When the China-Pakistan Economic Corridor (CPEC) commenced on May 2013, Pakistan owed USD $4.1 billion to China, representing roughly nine percent of the country’s total external debt of USD $44.4 billion. By March 2020, the debt owed to China grew by 185 percent, with Pakistan owing USD $11.8 billion of its USD $72.7 billion external debt to its strategic ally. The figure is even higher if commercial bank debt from Chinese banks is included, which in 2019 stood at around USD $6.74 billion, according to IMF data.
This data raises the very real concern about a China debt problem for Pakistan, an issue raised by U.S. government officials and analysts. While Pakistan’s growing dependence on Chinese debt is of significant concern, the fact of the matter is that Pakistan’s debt problem is largely a function of the country’s own dysfunctional political economy, not Chinese malfeasance. This is an important point for an incoming Biden administration to recognize, as U.S.-China cooperation on encouraging reforms within Pakistan may be in both countries’ interest.
CPEC – Then and Now
When CPEC memorandums of understanding were signed in 2013, Pakistan was suffering from chronic power shortages and a growing insurgency—led by Taliban and other radical Islamist groups—that had shattered investor confidence. After the Pakistan Muslim League (Nawaz) (PML-N) came to power that summer, Prime Minister Nawaz Sharif singularly focused on ending these power shortages. There was, however, a catch: international investors were not too keen to invest in a politically unstable economy facing a violent insurgency. A persistent savings-investment gap also meant that these projects could not be financed by mobilizing domestic savings.
It is within this context that China stepped up to the plate. It saw an opportunity to further deepen ties with a strategic ally while diverting its own excess capacity towards infrastructure projects sorely needed by Pakistan, among other Belt and Road countries. The result was an end to chronic power shortages, a buildup of surplus power capacity, and the development of new roads and highwaysthat improved connectivity across Pakistan.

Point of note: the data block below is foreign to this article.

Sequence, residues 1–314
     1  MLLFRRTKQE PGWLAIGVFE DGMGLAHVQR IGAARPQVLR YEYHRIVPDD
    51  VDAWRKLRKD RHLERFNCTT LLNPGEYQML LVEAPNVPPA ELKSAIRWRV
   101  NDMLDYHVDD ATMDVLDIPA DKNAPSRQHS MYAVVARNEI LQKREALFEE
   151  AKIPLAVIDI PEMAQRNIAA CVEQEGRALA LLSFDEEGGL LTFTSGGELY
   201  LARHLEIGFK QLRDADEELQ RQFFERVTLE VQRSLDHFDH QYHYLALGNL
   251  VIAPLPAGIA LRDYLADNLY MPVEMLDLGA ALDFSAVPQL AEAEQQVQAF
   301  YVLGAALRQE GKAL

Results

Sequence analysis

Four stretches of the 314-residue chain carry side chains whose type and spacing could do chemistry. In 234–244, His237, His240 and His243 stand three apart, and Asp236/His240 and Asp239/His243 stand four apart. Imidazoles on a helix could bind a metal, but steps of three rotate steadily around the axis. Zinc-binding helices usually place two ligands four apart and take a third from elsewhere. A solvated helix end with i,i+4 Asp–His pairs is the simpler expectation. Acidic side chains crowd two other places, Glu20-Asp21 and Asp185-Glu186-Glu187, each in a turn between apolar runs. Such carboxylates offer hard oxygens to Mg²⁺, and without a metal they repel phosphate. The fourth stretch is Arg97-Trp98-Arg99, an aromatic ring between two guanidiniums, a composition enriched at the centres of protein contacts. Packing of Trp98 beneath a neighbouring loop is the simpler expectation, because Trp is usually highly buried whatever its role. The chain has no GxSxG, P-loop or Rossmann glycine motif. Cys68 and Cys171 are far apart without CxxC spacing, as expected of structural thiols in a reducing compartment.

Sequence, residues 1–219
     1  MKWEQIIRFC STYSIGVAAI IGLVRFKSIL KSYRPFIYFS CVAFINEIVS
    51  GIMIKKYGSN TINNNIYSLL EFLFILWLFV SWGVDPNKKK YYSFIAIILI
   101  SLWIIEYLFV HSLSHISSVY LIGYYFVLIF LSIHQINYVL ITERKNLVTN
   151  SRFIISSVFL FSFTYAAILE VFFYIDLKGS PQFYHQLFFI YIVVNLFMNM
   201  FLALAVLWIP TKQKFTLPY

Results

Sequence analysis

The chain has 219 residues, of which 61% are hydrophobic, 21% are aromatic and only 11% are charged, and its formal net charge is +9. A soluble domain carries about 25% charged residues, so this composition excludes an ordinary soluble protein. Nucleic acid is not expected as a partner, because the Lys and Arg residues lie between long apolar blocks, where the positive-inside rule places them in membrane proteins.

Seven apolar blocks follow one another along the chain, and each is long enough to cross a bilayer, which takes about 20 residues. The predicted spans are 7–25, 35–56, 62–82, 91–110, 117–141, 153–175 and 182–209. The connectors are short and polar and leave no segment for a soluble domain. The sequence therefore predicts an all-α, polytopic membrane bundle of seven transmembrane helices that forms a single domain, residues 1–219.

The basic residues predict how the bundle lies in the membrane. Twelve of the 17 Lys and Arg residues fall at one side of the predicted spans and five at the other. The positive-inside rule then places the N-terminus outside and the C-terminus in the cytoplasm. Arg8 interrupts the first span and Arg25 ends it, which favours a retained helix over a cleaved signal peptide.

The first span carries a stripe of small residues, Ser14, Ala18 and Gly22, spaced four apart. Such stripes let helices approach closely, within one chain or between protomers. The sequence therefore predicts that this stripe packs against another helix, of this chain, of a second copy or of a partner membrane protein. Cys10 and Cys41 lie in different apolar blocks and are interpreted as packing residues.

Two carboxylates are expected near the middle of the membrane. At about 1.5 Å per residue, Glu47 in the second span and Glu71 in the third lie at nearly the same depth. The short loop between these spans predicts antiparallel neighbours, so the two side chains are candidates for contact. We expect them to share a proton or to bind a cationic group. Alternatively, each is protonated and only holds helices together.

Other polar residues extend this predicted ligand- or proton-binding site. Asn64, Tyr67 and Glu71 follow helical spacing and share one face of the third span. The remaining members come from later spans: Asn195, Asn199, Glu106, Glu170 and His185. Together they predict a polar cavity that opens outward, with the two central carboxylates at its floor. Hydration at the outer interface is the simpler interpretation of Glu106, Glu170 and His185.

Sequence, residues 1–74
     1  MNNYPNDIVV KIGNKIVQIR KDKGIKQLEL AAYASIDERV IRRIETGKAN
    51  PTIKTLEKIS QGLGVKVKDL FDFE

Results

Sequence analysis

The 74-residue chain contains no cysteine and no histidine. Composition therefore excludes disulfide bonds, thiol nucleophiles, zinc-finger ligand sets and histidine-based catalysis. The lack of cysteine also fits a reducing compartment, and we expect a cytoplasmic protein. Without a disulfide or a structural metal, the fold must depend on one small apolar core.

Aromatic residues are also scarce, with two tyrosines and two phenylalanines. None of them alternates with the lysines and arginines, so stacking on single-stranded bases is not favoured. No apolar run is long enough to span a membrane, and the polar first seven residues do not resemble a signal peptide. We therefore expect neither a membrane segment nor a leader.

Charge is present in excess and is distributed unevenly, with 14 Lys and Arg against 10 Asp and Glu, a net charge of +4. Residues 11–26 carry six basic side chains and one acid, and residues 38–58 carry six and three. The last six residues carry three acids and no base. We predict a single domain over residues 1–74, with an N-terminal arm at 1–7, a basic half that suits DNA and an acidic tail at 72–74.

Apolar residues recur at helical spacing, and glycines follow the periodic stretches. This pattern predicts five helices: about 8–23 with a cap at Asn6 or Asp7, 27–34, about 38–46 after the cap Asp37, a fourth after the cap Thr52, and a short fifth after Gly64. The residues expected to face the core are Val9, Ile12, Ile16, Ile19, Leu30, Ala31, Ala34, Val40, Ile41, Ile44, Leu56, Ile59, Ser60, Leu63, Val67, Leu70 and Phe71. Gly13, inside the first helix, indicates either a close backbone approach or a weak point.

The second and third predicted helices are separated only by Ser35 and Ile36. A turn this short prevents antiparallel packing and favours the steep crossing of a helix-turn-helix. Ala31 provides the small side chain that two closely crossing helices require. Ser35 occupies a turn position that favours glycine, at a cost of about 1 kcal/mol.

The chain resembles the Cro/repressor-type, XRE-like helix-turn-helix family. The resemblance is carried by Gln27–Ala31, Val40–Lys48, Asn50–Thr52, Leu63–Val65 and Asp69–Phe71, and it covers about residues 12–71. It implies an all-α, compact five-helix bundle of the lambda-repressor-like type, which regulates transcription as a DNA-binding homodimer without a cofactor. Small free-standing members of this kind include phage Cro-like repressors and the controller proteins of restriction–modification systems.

While these projects helped in the near-term, they did little to solve Pakistan’s structural economic issues. The country continued to suffer from poor ease of doing business, remained uncompetitive when compared to peer economies, and was unable to grow its exports, which peaked at USD $25 billion in 2011. Additionally, Chinese-backed projects aggravated the power sector’s debt crisis, with the sector’s total outstanding debt—known as circular debt—growing to just over USD $13 billion in June 2020.
When the Imran Khan-led Pakistan Tehreek-e-Insaf (PTI) came to power in 2018, it inherited a major economic crisis, with the country quickly running out of foreign exchange reserves to meet its debt payment obligations. Abdul Razak Dawood, Imran Khan’s adviser on Commerce and Investment, told an international publication that the PML-N “did a bad job negotiating with China on CPEC” and “gave away a lot.” He also offered an insight into the PTI government’s thinking on CPEC, saying that “we should put everything on hold for a year so we can get our act together.” These remarks set off a firestorm, with Chief of Army Staff General Qamar Javed Bajwa visiting Beijing to deal with the fallout of Dawood’s remarks.
To accelerate implementation and remove bureaucratic hurdles, Khan’s government set up a CPEC Authority, making a retired general, Asim Saleem Bajwa, its chairman. The Authority became controversial in its early days, with reports alleging that the law governing the Authority gave its chairman immunity from anti-corruption investigations. While the ordinance giving legal cover to the Authority has lapsed, Bajwa has continued to hold senior meetings as CPEC Authority Chairman, irking parliamentarians and leading to confusion about the Authority’s status.
Despite economic issues in Pakistan, the PTI has continued projects under CPEC, building new highways, completing Pakistan’s first light rail metro in Lahore, and initiating the construction of a new CPEC city. China’s newly-appointed ambassador to Pakistan, Nong Rong, recently reiterated China’s commitment to CPEC, saying that “the construction of the CPEC has continuously achieved positive results.”